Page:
In her academic journal article, "Bias in Blue: Instructing Jurors to Consider the Testimony of Police Officer Witnesses with Caution," 44 Pepp. L. Rev. 245, 263-64 (2017), Vida B. Johnson, Visiting Professor of Law, Georgetown University Law Center, writes:
"Police officers are also interested parties; the motivations to lie, shade the truth, and protect colleagues exist. Just like a witness seeking a reward or a witness with some other interest in the case, police officers often have financial, career, ideological, or institutional interests at play, particularly in certain types of cases."
She adds, "Although it may reveal a 'dismal' side of our criminal justice system to acknowledge these biases, ignoring police officer bias does not make it go away."
Substantial evidence demonstrates that police perjury is so prevalent that scholars have characterized it as a "subcultural norm rather than an individual aberration." (Stephen W. Gard, "Bearing False Witness: Perjured Affidavits and the Fourth Amendment," 41 Suffolk U. L. Rev. 445, 448 (2008))
"Blue lies are so pervasive that even former prosecutors have described them as 'commonplace' and 'prevalent.'" (Myron W. Orfield, Jr., "Deterrence, Perjury, and the Heater Factor," 63 U. Colo. L. Rev. 75, 107 (1992))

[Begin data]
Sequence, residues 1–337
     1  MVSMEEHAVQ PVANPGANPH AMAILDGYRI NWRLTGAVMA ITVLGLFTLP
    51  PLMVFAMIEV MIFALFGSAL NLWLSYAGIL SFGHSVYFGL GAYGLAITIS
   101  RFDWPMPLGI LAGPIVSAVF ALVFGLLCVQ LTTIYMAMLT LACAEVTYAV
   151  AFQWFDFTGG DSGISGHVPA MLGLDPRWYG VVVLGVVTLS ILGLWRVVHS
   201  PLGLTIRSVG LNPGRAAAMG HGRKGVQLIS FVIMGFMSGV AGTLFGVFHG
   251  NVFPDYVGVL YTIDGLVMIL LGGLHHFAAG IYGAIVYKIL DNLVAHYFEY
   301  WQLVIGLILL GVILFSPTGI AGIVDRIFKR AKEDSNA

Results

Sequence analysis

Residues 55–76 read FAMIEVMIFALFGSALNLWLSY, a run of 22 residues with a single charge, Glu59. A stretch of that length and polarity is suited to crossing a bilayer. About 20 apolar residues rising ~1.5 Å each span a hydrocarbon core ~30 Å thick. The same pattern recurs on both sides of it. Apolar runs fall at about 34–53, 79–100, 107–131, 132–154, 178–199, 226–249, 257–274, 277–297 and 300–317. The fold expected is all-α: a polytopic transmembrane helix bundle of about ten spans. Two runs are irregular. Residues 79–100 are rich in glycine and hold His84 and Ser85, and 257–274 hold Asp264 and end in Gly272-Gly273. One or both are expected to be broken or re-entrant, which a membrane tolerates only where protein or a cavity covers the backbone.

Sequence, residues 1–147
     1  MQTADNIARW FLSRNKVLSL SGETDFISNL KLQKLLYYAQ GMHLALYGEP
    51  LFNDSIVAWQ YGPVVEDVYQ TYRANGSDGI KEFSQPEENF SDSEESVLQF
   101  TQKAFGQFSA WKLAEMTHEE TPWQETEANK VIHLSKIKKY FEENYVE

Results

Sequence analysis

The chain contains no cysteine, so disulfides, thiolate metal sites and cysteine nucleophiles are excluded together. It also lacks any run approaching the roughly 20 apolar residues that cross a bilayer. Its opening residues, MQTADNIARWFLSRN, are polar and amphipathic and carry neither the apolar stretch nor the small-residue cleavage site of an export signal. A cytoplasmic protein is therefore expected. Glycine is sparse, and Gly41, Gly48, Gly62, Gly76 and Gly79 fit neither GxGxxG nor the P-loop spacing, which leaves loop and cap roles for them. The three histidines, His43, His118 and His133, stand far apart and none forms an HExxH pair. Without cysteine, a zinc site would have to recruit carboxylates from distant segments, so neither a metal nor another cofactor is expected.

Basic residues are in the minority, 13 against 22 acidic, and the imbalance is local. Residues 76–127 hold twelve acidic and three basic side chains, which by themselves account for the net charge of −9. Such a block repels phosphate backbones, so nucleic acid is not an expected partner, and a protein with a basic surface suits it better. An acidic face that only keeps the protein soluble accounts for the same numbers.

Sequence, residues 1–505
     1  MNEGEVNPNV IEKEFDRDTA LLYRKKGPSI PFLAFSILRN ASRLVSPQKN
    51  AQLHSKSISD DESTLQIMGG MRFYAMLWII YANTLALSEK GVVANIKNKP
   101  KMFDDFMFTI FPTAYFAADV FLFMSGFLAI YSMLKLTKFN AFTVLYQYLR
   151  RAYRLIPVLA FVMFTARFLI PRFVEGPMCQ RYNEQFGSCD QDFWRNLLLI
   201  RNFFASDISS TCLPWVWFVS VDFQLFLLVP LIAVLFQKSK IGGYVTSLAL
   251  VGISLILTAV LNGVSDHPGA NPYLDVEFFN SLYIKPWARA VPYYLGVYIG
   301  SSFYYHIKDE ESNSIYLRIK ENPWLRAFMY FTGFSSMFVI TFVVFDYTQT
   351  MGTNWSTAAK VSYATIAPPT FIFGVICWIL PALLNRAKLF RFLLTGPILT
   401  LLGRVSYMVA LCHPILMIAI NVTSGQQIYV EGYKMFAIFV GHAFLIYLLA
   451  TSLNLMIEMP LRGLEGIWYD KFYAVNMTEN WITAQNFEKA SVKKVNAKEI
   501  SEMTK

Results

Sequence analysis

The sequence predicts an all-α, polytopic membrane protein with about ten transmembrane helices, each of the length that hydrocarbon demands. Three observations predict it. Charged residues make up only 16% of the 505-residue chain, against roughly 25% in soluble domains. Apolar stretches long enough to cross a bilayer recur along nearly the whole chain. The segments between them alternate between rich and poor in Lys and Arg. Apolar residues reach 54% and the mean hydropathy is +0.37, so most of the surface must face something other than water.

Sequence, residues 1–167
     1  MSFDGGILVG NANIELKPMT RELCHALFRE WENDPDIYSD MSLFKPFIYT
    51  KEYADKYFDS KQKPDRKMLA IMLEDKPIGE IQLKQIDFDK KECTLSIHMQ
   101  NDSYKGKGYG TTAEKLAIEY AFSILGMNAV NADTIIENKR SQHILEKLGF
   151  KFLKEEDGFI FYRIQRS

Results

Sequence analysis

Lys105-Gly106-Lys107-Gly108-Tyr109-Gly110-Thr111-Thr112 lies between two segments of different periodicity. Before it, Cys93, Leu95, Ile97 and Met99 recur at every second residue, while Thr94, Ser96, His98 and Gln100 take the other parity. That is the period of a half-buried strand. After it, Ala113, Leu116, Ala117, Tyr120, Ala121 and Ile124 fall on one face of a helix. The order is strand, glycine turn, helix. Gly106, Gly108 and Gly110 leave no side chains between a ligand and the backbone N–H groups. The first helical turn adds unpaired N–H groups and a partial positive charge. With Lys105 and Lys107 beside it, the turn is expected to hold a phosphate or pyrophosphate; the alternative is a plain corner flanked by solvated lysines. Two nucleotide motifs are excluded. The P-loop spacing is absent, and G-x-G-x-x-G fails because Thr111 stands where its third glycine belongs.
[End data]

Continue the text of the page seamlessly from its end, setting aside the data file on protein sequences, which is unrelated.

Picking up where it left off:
Prosecutors, defense attorneys, and judges in one survey expressed their belief that perjury is present in approximately twenty percent of all cases. A separate survey of police officers was even more troubling. "Seventy-six percent of responding officers agreed that officers shade the facts to establish probable cause; forty-eight percent believed judges were often correct in disbelieving police testimony." (Myron W. Orfield, Jr., "The Exclusionary Rule and Deterrence," 54 U. Chi. L. Rev. 1016, 1050-51 & n.129 (1987))
Of the dozens of people who witnessed Efrén speaking to any member of law enforcement or testifying in court, no one other than Tucker falsely claims that Efrén made any statement contrary to him denying he committed the crime or had an attorney. Tucker sought to be a hero in the case by being the sole person able to extract a statement from Efrén that would be prejudicial in some way.
It is a technique routinely used by police to bolster their claims and make a case stronger than it was previously to boost the appearance of their success rates. Some of the ways police do this is by: